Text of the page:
Editorials

Legislature should do better by nursing home residents

There's been a rush to declare a new day of bipartisanship in Frankfort following the impressive and refreshing accomplishments of the legislative session that just ended.

That may be true but it's important to remember that legislators can work across the aisle to defeat good legislation as easily as to pass it. And that seems to have been the sad fate, for another year, of two very sensible, and inexpensive, efforts to protect nursing home residents.

One measure would have extended a program, currently paid for with federal dollars, to do fingerprint background checks on nursing home employees. If the legislature doesn't take action by next year, the program will end. The checks cost about $40 per employee, a cost that could be borne by the nursing home, the employee or both. That passed the House but was never heard in the Senate.

Without the fingerprint check, all that's required is a state criminal check using an individual's name. If an applicant committed a crime in another state, or under a different name, the nursing home wouldn't have that information.

Another measure, that would have created a registry of workers with substantiated histories of adult abuse or neglect, failed to pass for the fourth straight year. Reporter Beth Musgrave noted in Wednesday's Herald-Leader that Gov. Steve Beshear had already set aside $1.2 million to create the registry, so passing it would not have involved a new appropriation. The House version passed 96-0 but the Senate version stalled in committee when an amendment that would have weakened it substantially was introduced. A similar registry already exists for people who work with children.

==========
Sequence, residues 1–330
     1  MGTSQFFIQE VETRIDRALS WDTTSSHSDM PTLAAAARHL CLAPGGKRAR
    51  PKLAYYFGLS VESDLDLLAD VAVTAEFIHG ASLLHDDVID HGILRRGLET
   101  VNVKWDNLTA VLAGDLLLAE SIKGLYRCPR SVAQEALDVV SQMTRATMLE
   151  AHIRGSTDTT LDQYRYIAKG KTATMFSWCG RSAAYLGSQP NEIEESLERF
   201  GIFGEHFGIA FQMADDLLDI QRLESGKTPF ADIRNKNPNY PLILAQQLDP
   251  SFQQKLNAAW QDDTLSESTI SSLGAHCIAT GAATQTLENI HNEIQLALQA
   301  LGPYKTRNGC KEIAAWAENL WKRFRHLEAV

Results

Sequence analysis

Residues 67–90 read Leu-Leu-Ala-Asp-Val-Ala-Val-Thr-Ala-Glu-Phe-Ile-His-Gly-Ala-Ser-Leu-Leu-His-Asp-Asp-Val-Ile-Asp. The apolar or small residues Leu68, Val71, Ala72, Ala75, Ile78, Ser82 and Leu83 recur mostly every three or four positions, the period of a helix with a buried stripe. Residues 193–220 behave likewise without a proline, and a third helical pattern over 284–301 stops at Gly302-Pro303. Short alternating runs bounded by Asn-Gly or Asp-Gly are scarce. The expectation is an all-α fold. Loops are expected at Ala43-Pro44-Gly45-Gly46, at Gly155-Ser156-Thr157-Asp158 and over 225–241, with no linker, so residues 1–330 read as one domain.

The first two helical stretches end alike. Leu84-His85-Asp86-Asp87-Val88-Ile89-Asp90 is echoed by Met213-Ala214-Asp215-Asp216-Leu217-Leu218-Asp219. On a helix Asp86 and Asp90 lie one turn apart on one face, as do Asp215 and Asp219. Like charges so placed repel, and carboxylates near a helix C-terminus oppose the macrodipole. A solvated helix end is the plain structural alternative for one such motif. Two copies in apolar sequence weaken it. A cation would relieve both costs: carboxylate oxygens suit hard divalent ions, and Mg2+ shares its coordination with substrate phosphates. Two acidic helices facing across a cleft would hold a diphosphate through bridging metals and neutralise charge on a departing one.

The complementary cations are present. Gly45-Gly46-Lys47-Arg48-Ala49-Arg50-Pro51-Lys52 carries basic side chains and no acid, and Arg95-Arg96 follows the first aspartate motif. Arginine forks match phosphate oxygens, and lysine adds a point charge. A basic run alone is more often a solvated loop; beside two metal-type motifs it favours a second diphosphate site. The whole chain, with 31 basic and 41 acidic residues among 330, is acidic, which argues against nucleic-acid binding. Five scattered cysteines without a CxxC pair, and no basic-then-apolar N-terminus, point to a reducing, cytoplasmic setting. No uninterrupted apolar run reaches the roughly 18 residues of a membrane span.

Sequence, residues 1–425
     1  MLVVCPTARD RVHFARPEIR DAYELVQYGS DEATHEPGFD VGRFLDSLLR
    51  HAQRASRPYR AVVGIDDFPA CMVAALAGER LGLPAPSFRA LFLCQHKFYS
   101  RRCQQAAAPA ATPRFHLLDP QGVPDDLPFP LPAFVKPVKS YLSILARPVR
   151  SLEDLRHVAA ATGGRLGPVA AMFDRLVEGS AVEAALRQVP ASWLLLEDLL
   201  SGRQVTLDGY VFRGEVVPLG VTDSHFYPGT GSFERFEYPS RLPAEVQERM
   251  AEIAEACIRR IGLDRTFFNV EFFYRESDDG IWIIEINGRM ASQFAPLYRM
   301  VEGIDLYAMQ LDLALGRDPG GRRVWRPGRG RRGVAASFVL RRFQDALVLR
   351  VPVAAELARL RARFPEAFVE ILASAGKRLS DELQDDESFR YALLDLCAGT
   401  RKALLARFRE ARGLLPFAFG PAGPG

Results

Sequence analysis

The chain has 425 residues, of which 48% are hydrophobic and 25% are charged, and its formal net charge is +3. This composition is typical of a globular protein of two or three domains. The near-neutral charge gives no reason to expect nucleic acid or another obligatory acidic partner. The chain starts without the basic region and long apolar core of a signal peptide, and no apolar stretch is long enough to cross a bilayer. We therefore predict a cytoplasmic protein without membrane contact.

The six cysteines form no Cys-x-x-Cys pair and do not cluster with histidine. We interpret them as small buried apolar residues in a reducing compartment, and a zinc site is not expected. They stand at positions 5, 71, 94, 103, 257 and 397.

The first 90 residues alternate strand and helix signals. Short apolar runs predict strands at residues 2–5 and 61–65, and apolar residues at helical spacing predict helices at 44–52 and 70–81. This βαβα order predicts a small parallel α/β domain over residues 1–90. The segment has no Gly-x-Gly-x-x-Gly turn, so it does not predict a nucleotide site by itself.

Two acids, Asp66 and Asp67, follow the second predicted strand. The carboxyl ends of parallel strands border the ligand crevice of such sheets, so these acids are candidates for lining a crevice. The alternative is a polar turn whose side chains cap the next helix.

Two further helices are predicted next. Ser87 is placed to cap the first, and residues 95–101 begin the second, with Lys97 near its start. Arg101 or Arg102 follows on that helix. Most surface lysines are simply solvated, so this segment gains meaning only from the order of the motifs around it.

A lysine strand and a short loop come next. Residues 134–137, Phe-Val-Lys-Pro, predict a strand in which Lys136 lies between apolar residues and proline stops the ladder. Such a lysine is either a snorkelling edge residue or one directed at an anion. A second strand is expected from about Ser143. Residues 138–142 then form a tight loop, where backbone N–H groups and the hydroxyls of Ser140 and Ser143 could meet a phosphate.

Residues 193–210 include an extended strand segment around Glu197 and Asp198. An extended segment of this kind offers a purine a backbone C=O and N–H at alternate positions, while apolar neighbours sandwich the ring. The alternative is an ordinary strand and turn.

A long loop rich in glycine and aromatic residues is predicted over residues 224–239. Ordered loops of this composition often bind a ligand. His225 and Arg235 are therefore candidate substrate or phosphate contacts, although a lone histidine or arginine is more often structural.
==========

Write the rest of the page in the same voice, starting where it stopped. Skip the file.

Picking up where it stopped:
Although the nursing home industry, which spends a lot on legislative efforts, did not openly oppose the measures, Rep. Carl Rollins, D-Midway, who sponsored one of them, chalked the failure up to the industry's influence. "The nursing home and the hospital associations are some of the strongest lobbies we have in Frankfort," he said.

Ruby Jo Cummings Lubarsky, president of the organization that represents the industry, was telling in her statement of the industry's position: "We did not testify or issue any public statements regarding these bills,"

Sadly, it appears they didn't have to. Perhaps next year, when supporters say both measures will be offered again, this new, improved General Assembly will do the right thing and take action to protect vulnerable seniors.

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